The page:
One of our horse-drawn carriage tour steeds.  This one is Pepper.  He's paired up with his buddy, Jack.  

Our tour guide Kate, brushes Pepper before leading our tour through Stanley Park in Vancouver, B.C.

Yet more totem poles in Vancouver.

Olympic Cauldron:

The 2010 Winter Games were held in Vancouver.  Next to the Vancouver Convention Center lies the Olympic cauldron.  It is sandwiched between Cactus Club CafĂ© and the Convention Center.  I have to admit that I was underwhelmed when I first saw it.  I thought it would be much bigger, but I guess everything kind of looks bigger when you see it in pictures and on TV.  It’s pretty small and uneventful.  I took a few photos of it and even Chanda was like “this thing looks so much better in the photo than it does in real life.”  I guess the same can be said about a lot of the things we all photograph.  Anyway, I have seen a lot of photos of the cauldron with the water in the background, but I wanted to capture it with the cityscape in the background.  After all, a body of water looks like a body of water, but buildings have a distinct look unique to each city.  So I turned around and shot it from the other side, which I really was quite pleased with.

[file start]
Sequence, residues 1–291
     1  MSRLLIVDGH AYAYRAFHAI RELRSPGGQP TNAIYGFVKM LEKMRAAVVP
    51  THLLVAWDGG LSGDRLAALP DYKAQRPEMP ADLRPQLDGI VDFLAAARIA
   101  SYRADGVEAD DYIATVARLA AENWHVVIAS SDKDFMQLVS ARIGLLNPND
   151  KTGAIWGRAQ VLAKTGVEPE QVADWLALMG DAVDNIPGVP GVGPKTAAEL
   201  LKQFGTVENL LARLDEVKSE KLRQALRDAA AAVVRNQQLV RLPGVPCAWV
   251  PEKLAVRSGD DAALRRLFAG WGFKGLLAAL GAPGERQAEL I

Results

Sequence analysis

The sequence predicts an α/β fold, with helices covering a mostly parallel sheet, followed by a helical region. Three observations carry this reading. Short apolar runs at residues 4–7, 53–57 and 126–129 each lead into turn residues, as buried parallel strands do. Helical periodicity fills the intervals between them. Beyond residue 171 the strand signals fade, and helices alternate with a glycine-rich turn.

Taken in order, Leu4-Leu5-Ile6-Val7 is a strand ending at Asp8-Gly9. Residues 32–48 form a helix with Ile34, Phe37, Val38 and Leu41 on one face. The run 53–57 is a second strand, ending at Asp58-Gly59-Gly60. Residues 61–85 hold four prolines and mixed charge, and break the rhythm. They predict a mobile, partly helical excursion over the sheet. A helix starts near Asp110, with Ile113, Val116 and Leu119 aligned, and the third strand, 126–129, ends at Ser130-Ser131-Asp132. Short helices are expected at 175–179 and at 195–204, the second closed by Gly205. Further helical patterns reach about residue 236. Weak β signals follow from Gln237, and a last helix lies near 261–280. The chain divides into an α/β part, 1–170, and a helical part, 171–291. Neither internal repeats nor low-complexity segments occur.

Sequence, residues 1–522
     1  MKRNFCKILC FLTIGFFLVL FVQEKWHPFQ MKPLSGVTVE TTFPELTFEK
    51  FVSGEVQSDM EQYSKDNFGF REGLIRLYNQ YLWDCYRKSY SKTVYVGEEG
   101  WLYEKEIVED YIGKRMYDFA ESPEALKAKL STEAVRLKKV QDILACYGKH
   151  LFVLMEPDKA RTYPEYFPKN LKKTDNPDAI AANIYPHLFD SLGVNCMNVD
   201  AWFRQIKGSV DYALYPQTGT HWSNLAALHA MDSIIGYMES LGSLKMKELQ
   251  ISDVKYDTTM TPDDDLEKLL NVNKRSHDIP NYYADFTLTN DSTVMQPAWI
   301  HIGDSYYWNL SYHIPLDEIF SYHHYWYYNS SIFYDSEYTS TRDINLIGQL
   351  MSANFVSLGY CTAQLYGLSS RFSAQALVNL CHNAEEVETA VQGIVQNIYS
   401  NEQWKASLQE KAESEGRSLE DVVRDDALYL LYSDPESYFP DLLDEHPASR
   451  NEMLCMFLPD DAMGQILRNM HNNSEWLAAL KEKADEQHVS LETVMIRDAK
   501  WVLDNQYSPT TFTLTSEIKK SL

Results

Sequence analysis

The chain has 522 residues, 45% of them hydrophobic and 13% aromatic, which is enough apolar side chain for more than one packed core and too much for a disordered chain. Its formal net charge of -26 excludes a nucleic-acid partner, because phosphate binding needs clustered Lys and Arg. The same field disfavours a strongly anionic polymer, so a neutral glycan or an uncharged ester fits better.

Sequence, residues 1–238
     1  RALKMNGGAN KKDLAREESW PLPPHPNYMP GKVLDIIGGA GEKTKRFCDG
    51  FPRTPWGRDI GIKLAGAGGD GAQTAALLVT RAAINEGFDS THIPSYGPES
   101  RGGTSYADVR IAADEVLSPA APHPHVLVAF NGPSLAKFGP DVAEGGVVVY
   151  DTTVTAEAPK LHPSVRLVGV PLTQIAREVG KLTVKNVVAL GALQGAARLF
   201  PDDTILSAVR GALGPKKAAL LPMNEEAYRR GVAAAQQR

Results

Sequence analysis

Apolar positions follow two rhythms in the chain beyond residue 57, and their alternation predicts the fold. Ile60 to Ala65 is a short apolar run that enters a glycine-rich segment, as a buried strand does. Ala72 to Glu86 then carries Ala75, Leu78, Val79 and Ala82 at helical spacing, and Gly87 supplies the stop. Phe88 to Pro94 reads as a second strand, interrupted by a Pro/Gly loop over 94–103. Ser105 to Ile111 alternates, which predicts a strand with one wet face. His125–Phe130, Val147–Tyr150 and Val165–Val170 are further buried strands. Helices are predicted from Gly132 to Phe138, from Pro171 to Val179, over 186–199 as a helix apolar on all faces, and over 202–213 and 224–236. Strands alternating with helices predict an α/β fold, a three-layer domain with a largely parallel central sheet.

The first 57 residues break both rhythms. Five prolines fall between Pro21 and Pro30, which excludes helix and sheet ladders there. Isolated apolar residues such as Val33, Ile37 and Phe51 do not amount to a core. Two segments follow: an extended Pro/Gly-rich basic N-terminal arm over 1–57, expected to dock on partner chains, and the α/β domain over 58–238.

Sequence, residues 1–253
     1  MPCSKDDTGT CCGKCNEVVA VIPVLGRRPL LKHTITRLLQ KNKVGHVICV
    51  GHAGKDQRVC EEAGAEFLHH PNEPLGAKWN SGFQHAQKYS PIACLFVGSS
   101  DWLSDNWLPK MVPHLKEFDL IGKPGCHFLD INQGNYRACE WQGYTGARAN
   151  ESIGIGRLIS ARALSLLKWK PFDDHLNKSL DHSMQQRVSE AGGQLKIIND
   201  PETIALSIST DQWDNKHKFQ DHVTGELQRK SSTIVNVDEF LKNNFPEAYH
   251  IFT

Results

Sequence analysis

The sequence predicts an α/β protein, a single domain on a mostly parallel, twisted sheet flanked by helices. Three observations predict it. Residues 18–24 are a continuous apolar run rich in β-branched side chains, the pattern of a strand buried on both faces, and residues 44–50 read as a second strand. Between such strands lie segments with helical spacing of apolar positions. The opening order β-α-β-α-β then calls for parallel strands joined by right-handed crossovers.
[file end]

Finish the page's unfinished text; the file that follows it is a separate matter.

So that’s that.  I hope that you enjoyed looking through the photos of our trip the the Pacific Northwest.  If you’ve stumbled across this blog while researching for your own vacation, I hope it provides you some insight about things that you’d like to see, and some that you think you might skip.  It’s definitely a loaded laundry list of things to see, but thanks to a well-planned itinerary, we got to see a lot of things.  If you have something or place to add, be sure to let me know, and if I’m ever back in Seattle, I’ll be sure to check it out.  Thanks for looking!


And here's a bonus photo of Chanda looking small next to this ridiculously large mail box!

She's 5'2" and this mailbox beats her by an inch.
And last but not least, a big THANK YOU to my cousin Kathy for showing us around town, and making our trip absolutely epic!